Kary says council’s hope is to attract commercial investments into the town’s centre on chemin Sainte-Angélique between Montée Saint-Robert and Rue Champêtre. “Commercial activity will attract further commercial activity and provide a greater diversity of services to residents,” he says. “We view a collective good in this small change to our zoning bylaw.”
The bylaw will also allow existing restaurants to modify their establishments but require that at least 65 percent of the seating have alcohol permitted only if served with a food order. The bar area is to represent the remaining 35 percent of the business with the space allocated being no larger than 150 square metres.
According to McLellan this isn’t realistic. “The city doesn’t realize that when a business gets their bar permit, they can’t control what percentage is bar …and they can stay open until 3:00 a.m.”
Only residents and business owners of St-Lazare who will be directly affected by the new bylaw are allowed to sign a petition against it. The petition is to be given to the city no later than Sept. 19. McLellan, who no longer lives in St. Lazare, is part of group getting organized to vote against the zoning change. “It’s not gonna get passed,” he vowed.
• • •
Due to a significant increase in traffic to the area over the last few years, council will begin negotiations with the Ministère des Transports for the right to take over the security of Ste. Angélique from Bédard all the way to Cité des Jeunes.
Councillor Brigitte Asselin’s district, which begins right after Cherrier and goes past Cité des Jeunes, says residents in her district have been especially concerned about the issue of traffic and safety in this area. The town wants to implement safety measures for those vehicles wanting to exit a residential street and merge onto Ste. Angélique. Also noted was the lack of pedestrian crossings making it unsafe for those on foot or bike wishing to cross the boulevard.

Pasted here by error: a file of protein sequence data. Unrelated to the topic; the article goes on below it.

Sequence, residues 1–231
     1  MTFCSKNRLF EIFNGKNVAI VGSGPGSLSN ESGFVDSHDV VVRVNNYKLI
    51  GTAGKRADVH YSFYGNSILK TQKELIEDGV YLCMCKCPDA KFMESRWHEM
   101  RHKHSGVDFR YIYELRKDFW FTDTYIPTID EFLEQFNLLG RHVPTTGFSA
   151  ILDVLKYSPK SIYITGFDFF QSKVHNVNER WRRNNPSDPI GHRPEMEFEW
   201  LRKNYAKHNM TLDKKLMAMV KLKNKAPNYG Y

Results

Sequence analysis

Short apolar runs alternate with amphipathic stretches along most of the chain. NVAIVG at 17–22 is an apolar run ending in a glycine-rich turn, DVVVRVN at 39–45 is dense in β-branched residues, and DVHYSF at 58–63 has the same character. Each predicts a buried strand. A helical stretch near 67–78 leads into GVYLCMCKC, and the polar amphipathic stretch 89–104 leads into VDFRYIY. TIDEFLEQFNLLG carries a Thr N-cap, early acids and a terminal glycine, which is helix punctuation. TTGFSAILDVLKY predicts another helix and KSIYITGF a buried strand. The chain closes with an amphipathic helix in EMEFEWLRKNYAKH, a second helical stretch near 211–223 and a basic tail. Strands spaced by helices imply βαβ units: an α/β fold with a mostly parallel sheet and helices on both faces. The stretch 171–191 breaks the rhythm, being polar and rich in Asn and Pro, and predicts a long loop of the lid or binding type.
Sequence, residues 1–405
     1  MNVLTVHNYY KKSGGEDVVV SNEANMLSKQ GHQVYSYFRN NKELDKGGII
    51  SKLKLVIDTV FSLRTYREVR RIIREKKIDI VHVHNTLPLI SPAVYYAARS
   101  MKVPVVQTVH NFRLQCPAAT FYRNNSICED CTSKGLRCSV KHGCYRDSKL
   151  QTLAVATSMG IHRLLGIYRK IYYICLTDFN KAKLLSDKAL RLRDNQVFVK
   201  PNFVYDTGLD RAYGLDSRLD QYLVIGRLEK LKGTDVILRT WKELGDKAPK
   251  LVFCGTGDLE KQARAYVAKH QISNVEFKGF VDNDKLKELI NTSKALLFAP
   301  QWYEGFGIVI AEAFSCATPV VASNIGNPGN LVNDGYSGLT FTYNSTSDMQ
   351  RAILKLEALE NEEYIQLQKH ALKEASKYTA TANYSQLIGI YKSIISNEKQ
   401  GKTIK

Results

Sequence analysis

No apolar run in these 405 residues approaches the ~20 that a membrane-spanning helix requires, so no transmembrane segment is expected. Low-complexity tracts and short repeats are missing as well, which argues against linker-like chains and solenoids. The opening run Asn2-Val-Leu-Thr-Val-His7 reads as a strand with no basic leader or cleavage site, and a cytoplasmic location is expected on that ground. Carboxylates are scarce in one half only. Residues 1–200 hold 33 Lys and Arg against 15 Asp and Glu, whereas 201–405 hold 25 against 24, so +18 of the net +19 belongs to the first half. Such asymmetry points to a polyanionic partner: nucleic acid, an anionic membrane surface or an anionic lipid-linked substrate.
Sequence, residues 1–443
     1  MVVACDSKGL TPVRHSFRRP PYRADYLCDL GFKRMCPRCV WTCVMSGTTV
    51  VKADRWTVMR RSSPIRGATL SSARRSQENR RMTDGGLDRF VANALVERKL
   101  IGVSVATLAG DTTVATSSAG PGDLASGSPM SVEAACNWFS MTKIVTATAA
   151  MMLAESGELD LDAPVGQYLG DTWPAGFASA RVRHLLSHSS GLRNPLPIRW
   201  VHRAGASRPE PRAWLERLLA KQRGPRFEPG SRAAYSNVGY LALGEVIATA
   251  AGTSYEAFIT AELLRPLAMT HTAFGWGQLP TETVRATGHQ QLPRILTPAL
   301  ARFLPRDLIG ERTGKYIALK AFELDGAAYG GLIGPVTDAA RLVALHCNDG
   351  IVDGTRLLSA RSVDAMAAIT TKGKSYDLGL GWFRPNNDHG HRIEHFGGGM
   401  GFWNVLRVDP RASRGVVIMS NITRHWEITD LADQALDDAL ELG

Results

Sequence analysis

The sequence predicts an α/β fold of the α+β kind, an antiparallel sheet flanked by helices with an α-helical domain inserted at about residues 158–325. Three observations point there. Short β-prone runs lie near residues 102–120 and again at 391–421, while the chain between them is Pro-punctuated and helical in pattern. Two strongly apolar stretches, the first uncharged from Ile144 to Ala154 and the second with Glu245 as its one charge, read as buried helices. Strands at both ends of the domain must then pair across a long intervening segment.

• • •
La Base de Plein Air des Cèdres has made a request to the Vaudreuil-Soulanges MRC asking permission to turn it into a regional recreational centre. At last week’s council meeting council agreed that it was the wrong time for the city to get involved with it since they are currently in discussions with the city of Les Cèdres as to how the centre should be operated. Some 200 hectares of La Pinière, which represents 75 percent of the conservation area’s total acreage, is located in St. Lazare. For this reason the town feels it deserves a say as to how La Base de Plein Air is run. La Pinière is used for its equestrian, walking and cross country ski trails.
• • •
Council agreed to spend $25,462.23 on 60,000 paper bags for this year’s MRC leaf pickup days. The bags, which replace the orange plastic sacks, will be given away at the Community Centre on Saturday, Sept. 24 between 9 and noon and again on Wednesday, Oct. 19 between 2 p.m. and 8 p.m. The 110-litre bags are also for sale at local hardware stores. The MRC, which handles leaf pickups, will not pick up orange plastic sacks.
• • •
The town will be increasing the hours available for open skating for its 2011-2012 season at the Sportsplex. Starting September 20th and ending April 13, 2012, the public will have 42 hours of open skating time a week.

 

The Hudson St-Lazare Gazette/September 14 2011/Julie Cadieux